The History of Stereoscopic Photography

The art and science of photography hit a lot of milestones in a short amount of time. What we call Stereoscopic Photography was just another step in photography's evolving technology in the transition from paintings to photos.

What Is Stereoscopic Photography?

Stereoscopic View From The Rear Of The P. R. R. Depot, With Stores And Offices Of The Cambria Iron Co., And Coffins And Bodies From An 1899 Disaster 4
Anonymous "Stereoscopic view from the rear of the P.R.R. depot..." Wikimedia Commons, 9/9/06, commons.wikimedia.org/wiki/File:Stereoscopic_view_from_the_rear_of_the_P._R._R._depot,_with_stores_and_offices_of_the_Cambria_Iron_Co.,_and_coffins_and_bodies_from_an_1899_disaster_4.png, Accessed 10/16/20

Stereoscopic Photography applies depth to an image by using the concept of binocular vision. Binocular vision refers to how the brain links two separate images when each is viewed with a different eye. It makes the image look like it has depth.

Looking back, this concept was pretty cool when technology was still in its infancy. It means viewing the same image using the right eye depiction and the left eye depiction.

Sir Charles Wheatstone first introduced stereoscopic photography in 1832 when he tried to create a three-dimensional effect by inventing a binocular device that he named a Stereoscope. The concept was a fine one but his creation had a major flaw.

His device was made from daguerreotypes (very highly polished silver surface plate). The problem was that they created irregular reflections, and the images they created weren't clear enough. Because of this, people weren't really interested in using his device.

Refinements that Followed the Stereoscope

The Stereoscope that Sir Charles Wheatstone created was not very popular until eight years later when Sir David Brewster decided to take a look at the device. He found the concept fascinating but the device itself lacking.

What Sir Charles Wheatstone lacked in both design and marketing, Sir David Brewster very much made up for. Instead of polished surfaces, Sir David Brewster used two lenses that he put six centimeters apart in a small box. The box came with two holes by the side and a small slit at the bottom.

It was Mr. Elliot, a Teacher of Mathematics from Edinburgh who first suggested this idea. 

600Px Stereoscope (9448)
Zastoupil, Jaro "Stereoscope (9448)" Wikimedia Commons, 5/29/19, commons.wikimedia.org/wiki/File:Stereoscope_(9448).jpg, Accessed 10/16/20

The hole at the bottom allowed images to slide in and out while the holes by the side allowed light in. He called this device a refracting stereoscope but did not stop there. He then marketed this idea to Queen Victoria in 1851 at the Great Exhibition. She was blown away by the device and ordered a few hundred of it to be made.

That was the opening that he needed. In less than three months he sold almost three hundred thousand stereoscopes, and the public became obsessed with the device and stereo cards.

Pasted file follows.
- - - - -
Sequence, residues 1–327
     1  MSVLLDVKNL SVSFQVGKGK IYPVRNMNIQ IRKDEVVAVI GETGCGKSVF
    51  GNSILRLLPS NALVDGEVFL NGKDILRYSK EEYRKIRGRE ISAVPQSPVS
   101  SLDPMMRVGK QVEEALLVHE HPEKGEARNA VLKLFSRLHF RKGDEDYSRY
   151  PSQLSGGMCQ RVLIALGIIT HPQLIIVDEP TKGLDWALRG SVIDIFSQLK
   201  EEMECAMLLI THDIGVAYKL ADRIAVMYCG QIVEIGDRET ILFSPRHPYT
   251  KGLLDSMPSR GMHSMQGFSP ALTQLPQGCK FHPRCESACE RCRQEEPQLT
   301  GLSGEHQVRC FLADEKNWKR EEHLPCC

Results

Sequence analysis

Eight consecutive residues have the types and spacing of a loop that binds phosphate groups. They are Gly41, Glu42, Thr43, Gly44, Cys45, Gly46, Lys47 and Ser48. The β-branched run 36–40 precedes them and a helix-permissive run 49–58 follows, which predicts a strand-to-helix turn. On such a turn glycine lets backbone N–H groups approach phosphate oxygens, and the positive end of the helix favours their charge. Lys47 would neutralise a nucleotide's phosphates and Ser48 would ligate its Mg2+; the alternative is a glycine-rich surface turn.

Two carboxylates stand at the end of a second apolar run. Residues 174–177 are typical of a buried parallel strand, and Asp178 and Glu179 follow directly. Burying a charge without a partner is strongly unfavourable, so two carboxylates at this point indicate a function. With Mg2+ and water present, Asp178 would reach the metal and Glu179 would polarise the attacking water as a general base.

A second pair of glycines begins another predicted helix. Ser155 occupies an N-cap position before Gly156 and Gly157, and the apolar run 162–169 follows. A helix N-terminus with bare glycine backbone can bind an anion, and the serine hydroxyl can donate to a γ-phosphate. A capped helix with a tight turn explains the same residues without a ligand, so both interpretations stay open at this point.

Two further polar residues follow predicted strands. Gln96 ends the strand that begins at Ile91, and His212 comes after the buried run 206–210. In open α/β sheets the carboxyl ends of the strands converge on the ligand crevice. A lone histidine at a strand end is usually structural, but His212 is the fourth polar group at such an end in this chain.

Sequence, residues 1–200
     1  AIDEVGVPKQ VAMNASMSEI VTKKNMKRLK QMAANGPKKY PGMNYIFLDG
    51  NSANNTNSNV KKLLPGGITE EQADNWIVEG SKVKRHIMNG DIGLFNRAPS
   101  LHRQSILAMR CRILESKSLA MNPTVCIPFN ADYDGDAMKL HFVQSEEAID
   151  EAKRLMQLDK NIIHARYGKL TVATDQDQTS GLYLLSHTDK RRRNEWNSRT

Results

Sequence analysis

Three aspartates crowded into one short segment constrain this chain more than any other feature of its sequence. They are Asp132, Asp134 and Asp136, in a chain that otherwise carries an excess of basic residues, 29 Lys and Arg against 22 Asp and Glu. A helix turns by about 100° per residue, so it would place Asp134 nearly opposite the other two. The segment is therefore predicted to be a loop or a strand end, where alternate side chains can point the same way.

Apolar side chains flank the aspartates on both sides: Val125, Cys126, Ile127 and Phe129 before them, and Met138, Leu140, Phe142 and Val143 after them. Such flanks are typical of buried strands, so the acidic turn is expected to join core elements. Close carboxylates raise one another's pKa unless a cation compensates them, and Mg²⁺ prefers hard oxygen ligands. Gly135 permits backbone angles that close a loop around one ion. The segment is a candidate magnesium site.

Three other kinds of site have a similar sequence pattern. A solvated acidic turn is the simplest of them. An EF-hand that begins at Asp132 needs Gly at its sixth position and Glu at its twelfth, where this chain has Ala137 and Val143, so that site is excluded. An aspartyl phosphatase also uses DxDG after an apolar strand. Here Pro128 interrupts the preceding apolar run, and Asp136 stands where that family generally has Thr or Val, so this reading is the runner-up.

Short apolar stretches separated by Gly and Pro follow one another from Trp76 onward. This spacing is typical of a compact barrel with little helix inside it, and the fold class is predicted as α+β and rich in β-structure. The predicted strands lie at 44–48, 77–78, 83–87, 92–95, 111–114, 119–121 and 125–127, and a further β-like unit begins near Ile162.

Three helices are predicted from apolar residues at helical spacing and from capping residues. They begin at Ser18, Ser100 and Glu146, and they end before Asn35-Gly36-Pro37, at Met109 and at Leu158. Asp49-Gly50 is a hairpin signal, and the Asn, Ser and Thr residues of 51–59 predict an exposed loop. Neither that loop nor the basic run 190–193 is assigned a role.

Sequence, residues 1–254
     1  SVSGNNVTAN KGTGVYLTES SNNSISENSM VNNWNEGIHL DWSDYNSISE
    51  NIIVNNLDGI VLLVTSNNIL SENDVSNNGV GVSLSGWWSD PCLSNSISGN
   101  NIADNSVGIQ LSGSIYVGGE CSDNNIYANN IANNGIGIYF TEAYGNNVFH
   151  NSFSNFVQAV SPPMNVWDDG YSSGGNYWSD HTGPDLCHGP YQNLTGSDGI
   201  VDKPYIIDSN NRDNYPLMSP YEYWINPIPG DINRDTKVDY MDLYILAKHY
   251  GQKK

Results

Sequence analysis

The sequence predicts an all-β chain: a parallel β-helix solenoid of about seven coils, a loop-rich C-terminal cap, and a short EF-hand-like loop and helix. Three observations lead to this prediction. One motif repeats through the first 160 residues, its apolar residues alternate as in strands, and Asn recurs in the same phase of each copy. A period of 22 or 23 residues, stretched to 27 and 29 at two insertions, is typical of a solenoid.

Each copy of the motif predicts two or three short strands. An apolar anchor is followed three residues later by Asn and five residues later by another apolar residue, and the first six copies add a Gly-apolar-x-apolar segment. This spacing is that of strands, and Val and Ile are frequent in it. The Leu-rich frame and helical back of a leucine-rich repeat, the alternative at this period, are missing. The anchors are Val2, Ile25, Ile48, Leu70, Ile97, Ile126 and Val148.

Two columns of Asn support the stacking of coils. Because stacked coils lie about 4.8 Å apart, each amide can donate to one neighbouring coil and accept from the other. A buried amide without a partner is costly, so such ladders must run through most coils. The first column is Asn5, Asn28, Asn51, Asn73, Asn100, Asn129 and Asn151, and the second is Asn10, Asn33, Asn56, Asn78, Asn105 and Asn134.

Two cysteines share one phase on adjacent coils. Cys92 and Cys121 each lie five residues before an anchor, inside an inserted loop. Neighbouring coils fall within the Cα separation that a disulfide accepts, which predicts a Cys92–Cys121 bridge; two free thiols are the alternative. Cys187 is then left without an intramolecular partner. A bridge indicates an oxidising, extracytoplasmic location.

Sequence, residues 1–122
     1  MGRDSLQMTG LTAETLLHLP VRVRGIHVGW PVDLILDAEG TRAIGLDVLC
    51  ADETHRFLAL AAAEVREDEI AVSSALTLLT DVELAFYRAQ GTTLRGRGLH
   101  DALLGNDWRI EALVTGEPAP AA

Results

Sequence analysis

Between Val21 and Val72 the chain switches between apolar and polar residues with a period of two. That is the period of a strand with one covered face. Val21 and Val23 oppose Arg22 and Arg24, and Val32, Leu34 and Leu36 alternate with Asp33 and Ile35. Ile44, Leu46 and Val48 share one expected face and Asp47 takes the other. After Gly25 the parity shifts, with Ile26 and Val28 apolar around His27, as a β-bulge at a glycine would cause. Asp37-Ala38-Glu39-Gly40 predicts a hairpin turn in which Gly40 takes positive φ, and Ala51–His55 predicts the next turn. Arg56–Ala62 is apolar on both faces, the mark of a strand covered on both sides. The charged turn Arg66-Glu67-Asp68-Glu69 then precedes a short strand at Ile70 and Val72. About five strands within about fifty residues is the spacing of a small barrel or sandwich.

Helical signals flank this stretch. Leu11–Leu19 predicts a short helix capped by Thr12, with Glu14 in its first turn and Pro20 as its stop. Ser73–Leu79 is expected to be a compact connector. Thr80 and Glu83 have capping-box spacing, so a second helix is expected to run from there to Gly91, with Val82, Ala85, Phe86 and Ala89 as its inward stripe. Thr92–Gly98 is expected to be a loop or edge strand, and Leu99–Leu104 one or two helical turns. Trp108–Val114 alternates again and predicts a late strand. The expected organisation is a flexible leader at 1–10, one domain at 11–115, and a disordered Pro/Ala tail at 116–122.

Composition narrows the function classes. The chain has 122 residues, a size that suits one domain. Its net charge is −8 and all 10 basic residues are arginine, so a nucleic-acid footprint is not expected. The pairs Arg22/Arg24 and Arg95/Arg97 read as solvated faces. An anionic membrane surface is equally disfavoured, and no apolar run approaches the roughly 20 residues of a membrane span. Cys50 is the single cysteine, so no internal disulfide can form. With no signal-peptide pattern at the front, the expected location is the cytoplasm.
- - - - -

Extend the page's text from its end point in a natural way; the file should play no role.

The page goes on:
A company named London Stereoscopic was created, and they started employing photographers to travel around the world and take pictures of breathtaking sights. These pictures or stereo cards as they were called were used to educate and entertain.

The Problem with Brewster refracting stereoscope

Sir David Brewster's refracting stereoscope had its flaws, and viewers soon realized just how taxing using the device could be. Once the novelty wore off, people discovered that using the equipment for a while gave them headaches or dizziness. This was as a result of the brain trying to view two scenes at once with each different eye.

These complaints prompted Joseph L. Bates and Oliver Wendell Holmes to make adjustments to Brewster's refracting stereoscope by modifying the viewing distance and making it less heavy.

Stereoscope
Zorigtbaatar, Oyundari "Stereoscope" Wikimedia Commons 3/10/16, commons.wikimedia.org/wiki/File:Stereoscope.jpg, Accessed 10/16/20

This version was also easier to make and cheaper too, making it more popular than the Brewster refracting stereoscope. Some people however protested against the device, viewing it as an alteration of the natural order of things. They believed pictures should be viewed in two-dimension, not three-dimension.

This didn't stop photographers from making a fortune off this device by creating pictures and then turning them into a stereoscopic view for a higher price.

Stereoscopic Photography met an untimely end in the 1870s when photographers started photocopying others' work. Without the concept of copyrights, the pictures quickly lost their value and were sold for extremely low prices.

This led to the annihilation of small photographing companies while big firms thrived. While Stereoscopic Photography declined, these companies started producing and controlling stereo cards. When the first colored television sets were produced in the mid-1960s, the public turned completely from Stereoscopic Photography, and it was only used for educational purposes or on very rare occasions.

Who Gets the Credit?

The Stereoscope was man’s first attempt to create views in three dimensions. Today, we're still using the same concept behind the Stereoscope to create new and improved views. The device came as a result of different inspirations, ideas, and needs.

And although Sir David Brewster’s refracting Stereoscope made its mark in the 80s, he was not the inventor of the device -- only a modifier. The next time you admire a Stereoscope, you have Sir Charles Wheatstone to thank.

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